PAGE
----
Review of Pirate Cinema by Cory Doctorow

Pirate Cinema
by Cory Doctorow

Cory Doctorow lets you download his novels for free, right off his website. Which is how I read his last novel, For the Win–which I also highly recommend. So when I saw his newest young adult novel, Pirate Cinema, in hardcover, I bought it. I set down to read it, and was blown away.

Most of what I loved about it falls into the realm of spoilers, but I’ll leave those out. The book takes place in a near-future London only the tiniest bit more dystopian than what we have now, and it’s about a young runaway who finds camaraderie, love, dumpster-diving, and meaningful ways to apply his talents to direct action social change.

Cory Doctorow has an amazing talent for making socially-useful fiction. And in this case, he’s written an immersive book that shows quite clearly the ways that legal and illegal activism work hand-in-hand. Of course, I personally found the direct action campaign more entertaining than the lobbying, but that’s how I feel in real life as well.

I’ve always known Cory to be a fellow-traveler to the anarchists, but we’re also given a bit of the limelight here: one of the central characters of the book works at Dancing Emma’s, an anarchist bookstore named after Emma Goldman (and, well, named after the real Red Emma’s in Baltimore). It’s not an anarchist novel, but it’s a novel that realistically portrays us as essential elements in social struggle.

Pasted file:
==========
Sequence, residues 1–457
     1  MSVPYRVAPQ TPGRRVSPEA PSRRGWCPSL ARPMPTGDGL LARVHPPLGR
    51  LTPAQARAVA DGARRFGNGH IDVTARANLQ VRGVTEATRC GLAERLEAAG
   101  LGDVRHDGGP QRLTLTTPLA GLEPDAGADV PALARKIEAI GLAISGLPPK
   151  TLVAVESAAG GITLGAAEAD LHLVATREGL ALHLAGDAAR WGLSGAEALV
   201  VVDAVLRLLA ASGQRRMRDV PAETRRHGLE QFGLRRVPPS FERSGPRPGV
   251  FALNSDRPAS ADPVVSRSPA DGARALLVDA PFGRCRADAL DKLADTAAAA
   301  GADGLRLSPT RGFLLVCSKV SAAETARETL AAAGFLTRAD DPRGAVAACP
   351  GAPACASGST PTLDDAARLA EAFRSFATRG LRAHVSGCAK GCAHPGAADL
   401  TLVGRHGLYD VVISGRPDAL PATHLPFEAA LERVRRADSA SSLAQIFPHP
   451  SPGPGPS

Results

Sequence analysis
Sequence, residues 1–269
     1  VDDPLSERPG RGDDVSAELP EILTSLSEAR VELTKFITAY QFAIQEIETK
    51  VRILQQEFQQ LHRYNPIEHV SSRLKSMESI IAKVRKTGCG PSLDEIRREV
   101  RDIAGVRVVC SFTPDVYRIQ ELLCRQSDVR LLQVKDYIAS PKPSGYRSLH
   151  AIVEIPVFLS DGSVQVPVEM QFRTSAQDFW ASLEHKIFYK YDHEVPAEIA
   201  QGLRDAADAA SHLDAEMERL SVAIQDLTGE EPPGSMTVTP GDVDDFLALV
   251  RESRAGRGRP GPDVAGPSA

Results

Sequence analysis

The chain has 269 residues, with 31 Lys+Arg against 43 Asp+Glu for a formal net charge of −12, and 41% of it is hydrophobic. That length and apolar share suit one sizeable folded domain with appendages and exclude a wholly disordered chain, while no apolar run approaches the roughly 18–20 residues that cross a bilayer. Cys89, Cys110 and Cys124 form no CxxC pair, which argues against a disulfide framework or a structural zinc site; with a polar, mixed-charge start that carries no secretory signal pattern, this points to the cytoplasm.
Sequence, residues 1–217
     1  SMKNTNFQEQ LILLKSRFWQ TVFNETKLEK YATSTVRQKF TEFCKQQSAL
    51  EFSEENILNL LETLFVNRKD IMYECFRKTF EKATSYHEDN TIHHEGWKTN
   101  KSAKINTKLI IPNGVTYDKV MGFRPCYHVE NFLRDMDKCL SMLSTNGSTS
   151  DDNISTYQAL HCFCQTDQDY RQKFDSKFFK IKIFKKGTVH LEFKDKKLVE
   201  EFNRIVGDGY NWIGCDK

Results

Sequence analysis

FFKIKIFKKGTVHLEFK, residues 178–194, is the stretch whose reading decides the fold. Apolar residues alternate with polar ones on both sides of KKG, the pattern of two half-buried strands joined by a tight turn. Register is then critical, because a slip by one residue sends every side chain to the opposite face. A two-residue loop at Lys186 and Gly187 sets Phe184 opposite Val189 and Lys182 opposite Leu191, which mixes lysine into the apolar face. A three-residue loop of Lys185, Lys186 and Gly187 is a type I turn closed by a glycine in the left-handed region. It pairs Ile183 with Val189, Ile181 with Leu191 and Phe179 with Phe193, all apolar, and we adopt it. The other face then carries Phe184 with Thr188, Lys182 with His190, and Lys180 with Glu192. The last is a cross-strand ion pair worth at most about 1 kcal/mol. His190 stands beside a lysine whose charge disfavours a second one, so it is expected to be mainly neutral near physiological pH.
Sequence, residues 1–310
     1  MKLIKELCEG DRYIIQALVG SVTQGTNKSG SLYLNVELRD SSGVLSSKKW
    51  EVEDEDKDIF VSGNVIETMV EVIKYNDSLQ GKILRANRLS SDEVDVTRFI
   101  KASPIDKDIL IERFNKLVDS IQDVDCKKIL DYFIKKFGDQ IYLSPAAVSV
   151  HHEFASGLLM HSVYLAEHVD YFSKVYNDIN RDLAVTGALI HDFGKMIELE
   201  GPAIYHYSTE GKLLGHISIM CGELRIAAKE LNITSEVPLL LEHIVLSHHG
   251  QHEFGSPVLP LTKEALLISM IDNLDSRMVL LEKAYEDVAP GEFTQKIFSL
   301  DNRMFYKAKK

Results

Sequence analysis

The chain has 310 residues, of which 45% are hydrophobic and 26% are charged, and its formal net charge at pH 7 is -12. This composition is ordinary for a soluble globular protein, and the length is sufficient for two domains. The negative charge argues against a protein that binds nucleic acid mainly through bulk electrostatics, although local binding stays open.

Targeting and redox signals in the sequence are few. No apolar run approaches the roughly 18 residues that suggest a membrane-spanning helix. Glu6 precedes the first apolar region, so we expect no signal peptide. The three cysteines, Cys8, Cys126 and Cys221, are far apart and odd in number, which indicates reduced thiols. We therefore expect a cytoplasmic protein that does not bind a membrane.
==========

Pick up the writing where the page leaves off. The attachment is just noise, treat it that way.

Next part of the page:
And while the book takes the point of view of a straight male, it subverts the protagonist’s dominance, showing how he learns to be part of a team. I found the women characters to be strong and central to the story, and the way the book presented homosexuality to its young readers to be admirable.

But it’s also just an engaging book, a “stay up till 4am to finish it” kind of book. And a book I highly recommend.

One thought on “Review of Pirate Cinema by Cory Doctorow”

  1. I really enjoy Doctorow’s stories – and the semi-hidden how-tos – in his novels. While he is not an anarchist (he believes in a strong state provided social safety net but is clearly a techo-libertarian) he at seems anarchist-friendly (even to Agorists like myself). I had the distinct pleasure of interviewing him for my old podcast when “Little Brother” came out and have been a fan ever sense.

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